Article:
Apr 20, 2012 10:27 AM

More Chinese Head to U.S., Report Says

China sent 16,000 more immigrants to the United States in 2011 than in 2010, the U.S. government says.

The U.S. Department of Homeland Security's latest yearbook, updated on April 15, 2012, said the country granted green cards to more than 1.06 million immigrants in 2011, and 87,000 of them were Chinese.  The statistics were taken from U.S. Citizenship and Immigration Services data.


Mexico, China and India were still the top three countries in terms of the number of immigrants they sent to the U.S.

China's increase in immigrants to the United States was the largest of all countries.

In 2011, Chinese accounted for 8.2 percent of the total number of the immigrants to the United States, an increase of 1.4 percentage points over 2010. China, Cuba and Vietnam were the only countries to see an increase in the number of immigrants to the U.S.

As always, the proportion of female immigrants was significantly higher than males. In 2011, there were 580,000 female migrants compared to 480,000 male migrants to the U.S. The number of skilled immigrants fell by 9,000, mainly because fewer workers with low-level skills moved.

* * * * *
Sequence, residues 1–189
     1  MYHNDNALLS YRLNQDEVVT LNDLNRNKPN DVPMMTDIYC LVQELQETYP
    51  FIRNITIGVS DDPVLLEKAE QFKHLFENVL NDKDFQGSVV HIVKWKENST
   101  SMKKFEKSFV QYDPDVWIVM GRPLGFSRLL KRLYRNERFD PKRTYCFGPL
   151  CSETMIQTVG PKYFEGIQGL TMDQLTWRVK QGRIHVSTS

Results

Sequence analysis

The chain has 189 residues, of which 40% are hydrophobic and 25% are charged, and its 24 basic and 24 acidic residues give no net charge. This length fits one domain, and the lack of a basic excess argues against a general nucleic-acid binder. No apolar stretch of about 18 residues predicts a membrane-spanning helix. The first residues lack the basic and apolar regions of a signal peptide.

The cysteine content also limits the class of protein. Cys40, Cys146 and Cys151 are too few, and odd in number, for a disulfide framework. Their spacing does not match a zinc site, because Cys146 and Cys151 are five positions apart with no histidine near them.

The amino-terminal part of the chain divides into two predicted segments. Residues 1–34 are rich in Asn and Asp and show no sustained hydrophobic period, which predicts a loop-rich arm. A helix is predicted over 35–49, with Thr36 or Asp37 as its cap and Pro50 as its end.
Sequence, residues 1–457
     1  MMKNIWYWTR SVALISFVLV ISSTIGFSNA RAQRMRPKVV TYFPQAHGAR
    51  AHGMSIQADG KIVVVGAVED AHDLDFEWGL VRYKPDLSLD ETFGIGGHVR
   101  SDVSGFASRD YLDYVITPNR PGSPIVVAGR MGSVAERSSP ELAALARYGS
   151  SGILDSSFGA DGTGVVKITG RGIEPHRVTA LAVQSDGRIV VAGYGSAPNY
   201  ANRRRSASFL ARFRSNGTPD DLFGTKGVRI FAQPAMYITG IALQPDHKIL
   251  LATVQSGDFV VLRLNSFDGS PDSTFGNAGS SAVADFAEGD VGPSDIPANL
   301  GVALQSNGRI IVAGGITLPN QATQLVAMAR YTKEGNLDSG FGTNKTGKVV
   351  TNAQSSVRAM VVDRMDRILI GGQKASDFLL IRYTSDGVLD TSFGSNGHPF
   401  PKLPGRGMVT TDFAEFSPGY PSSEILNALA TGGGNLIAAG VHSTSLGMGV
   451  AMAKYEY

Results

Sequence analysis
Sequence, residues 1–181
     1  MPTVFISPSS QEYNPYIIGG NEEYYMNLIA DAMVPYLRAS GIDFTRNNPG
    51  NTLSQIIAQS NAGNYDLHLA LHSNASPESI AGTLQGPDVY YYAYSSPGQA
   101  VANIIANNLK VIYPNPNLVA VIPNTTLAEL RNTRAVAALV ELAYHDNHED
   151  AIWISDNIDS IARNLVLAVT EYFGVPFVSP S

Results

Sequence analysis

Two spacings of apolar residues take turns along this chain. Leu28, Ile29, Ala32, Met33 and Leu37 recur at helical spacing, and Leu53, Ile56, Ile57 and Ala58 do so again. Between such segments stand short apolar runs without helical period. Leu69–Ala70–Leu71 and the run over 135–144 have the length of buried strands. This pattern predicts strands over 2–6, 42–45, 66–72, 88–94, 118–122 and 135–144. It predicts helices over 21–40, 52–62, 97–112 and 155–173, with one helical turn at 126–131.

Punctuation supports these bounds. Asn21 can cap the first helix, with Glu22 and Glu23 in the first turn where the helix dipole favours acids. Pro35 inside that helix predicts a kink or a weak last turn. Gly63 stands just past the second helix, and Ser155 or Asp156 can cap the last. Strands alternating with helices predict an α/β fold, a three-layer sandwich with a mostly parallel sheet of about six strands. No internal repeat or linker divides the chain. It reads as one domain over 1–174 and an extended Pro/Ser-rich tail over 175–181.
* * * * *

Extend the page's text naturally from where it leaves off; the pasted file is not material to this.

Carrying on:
People under age 24 accounted for one-third of immigrants, and the median age of the immigrants was 31.

Since 2001, 11.5 million immigrants have entered the U.S., and the number of immigrants has been controlled at about 1.1 million a year.

The U.S immigration service said 772 of 1,885 applications for investment immigration came from China in 2010. Investment immigration to the U.S. requires investable asset of more than 100 million yuan.

The 2011 China Private Wealth Report, produced by consultancy Bain & Co., said the upper class in China was interested in moving abroad.  About 27 percent of people with more than 100 million yuan to invest had completed immigration and 47 percent were considering moving abroad.

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